After break, I head into the pre-Reception room. Today they are to be joined by the Reception class for a special session, and you can tell that this is considered a huge treat for the Nursery children. The teacher explains that she’s going to take them all on a learning walk. She has set up a whole range of stations with different things to do, and as they walk around, she describes what everything is, what they can do and how many children can fit at each activity. When the children are released, it is immediately obvious how effective this approach is. There’s no fighting or pushing. They all crack on, finding things to do. There are puzzles and games, a monster-creation table, audio books, somewhere for mark making, crafts and drawing, as well as a busy role-play corner. I notice that the two year groups naturally mix in together. When I point this out to the teacher, she is unsurprised.

‘Yes, they like each other. The older children model for the younger ones.’ She waves a hand towards one of her class. ‘This little girl here hasn’t chosen to do a craft activity for ages, but because the older children are doing it, she wants to have a go too.’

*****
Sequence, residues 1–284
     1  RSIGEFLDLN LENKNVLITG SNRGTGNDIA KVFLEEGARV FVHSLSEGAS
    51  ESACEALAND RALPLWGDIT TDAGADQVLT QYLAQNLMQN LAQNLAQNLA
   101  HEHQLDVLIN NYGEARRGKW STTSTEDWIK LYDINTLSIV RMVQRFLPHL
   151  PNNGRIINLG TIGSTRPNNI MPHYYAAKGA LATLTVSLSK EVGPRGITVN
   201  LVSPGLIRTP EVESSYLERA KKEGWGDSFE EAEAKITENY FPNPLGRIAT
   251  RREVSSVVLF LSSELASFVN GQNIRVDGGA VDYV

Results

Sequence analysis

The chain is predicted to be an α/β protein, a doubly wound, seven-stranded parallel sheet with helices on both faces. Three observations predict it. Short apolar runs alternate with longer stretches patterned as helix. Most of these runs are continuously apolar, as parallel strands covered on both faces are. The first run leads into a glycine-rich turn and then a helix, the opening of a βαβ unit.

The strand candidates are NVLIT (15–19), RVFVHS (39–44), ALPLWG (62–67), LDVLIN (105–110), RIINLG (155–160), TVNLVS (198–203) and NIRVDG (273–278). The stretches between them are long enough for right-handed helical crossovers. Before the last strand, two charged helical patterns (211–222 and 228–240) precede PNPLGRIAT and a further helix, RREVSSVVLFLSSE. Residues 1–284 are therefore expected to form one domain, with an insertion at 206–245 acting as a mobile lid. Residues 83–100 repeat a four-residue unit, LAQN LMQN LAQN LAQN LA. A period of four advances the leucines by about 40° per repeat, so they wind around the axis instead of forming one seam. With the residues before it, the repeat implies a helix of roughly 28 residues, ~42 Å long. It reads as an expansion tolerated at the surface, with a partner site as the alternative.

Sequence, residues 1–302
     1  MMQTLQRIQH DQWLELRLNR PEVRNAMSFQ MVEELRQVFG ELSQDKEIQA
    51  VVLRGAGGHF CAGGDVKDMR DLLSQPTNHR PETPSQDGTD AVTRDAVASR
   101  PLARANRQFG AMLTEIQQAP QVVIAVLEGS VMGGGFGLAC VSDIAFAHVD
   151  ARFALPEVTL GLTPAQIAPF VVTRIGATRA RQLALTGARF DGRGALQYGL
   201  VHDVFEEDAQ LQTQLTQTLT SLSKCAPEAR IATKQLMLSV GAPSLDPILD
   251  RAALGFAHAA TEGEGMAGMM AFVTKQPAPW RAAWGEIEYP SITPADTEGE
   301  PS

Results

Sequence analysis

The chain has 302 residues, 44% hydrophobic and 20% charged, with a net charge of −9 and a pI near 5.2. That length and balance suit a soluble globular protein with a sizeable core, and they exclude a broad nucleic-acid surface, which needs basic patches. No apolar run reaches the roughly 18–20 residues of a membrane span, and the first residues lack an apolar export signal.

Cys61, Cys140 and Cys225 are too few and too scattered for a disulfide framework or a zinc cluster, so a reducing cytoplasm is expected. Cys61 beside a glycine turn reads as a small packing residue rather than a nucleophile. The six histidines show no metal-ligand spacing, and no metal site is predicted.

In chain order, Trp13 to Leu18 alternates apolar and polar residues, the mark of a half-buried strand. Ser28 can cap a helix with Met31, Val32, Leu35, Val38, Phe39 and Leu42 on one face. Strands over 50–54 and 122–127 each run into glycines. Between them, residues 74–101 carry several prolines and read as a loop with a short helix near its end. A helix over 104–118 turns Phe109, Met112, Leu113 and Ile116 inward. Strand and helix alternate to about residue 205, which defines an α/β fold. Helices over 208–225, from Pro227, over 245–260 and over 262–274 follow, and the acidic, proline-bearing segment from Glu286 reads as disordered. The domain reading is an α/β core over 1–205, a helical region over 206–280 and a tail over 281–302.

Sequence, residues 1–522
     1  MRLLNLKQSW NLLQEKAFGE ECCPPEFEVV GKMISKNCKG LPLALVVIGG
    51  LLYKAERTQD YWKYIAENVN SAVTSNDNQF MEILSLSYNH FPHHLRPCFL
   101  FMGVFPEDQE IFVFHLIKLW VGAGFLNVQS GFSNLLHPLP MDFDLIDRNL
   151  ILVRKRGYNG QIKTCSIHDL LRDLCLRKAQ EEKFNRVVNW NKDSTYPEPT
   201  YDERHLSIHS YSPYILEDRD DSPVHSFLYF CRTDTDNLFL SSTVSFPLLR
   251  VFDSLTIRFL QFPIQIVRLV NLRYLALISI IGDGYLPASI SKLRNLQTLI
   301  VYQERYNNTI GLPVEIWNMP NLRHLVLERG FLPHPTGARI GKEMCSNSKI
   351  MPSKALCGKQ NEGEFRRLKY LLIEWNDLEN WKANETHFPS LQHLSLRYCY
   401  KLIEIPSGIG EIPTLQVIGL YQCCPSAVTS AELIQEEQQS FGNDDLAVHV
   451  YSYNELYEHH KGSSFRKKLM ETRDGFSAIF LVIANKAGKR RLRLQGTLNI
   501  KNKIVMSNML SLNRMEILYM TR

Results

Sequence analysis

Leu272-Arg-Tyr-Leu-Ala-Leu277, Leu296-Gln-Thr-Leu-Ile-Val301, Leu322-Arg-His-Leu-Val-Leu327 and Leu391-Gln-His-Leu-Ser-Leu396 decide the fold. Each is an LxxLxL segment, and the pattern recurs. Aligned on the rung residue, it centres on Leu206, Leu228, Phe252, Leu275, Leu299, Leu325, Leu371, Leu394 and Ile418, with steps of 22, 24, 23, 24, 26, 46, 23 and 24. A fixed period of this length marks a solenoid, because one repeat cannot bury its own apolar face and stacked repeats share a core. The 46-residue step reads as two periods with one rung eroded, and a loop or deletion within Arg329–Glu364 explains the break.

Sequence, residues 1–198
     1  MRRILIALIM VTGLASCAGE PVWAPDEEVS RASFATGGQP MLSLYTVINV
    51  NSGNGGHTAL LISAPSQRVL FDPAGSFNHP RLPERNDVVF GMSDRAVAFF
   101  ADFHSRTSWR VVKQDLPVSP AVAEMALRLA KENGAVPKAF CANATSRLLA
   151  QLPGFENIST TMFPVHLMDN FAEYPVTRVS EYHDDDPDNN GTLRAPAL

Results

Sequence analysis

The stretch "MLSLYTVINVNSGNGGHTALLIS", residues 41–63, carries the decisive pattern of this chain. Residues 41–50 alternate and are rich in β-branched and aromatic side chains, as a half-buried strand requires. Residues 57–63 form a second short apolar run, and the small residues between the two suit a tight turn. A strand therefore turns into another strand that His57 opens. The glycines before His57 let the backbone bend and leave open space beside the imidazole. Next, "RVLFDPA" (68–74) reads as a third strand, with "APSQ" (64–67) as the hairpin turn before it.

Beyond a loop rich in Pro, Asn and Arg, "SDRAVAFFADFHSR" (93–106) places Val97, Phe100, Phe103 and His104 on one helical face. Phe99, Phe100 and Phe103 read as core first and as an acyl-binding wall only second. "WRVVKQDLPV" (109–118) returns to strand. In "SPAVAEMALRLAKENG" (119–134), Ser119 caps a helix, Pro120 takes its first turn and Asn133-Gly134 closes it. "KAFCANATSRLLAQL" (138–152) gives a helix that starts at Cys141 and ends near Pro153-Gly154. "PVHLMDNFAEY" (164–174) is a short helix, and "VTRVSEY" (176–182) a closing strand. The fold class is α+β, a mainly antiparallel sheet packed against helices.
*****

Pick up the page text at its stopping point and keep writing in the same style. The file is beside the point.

I am surprised by how purposeful and unchaotic it feels, even with the mingled classes. Admittedly there’s lots of space – in fact the whole of the Nursery block feels light and roomy – but I know from experience how much disorder even three small children can generate, never mind the number I’m looking at now.

I ask the teacher what makes Cricklade Manor Nursery different. Interestingly she doesn’t mention any of things I thought she might; the specialist lessons, the sport and so on.

‘The staff,’ she replies. ‘There is not one member of staff for whom this is just a job. They are all completely committed to achieving the very best for these children. They all go above and beyond.’ Having watched them in action, and seen the warm relationships they have with the children, I believe her.

She explains that the small class sizes give these committed teachers an opportunity to really work with each child, identifying their interests and getting them enthusiastic about learning more. It creates a natural progression of learning as they move up towards the top of Nursery.

‘In here, with the pre-Reception children, we are preparing them for school in September, and so we have more structure to our work on maths and literacy. Because we have time for the individual, I am able to tailor the challenge to the child. If I have a little girl who is really keen to read fluently, I have to be able to support that, as well as help someone who is just getting to grips with simple sounds. When they start in Reception, you really see the difference it makes.’

Watching these busy, smiley, purposeful children, focused and engaged, they seem more than ready to take the next step.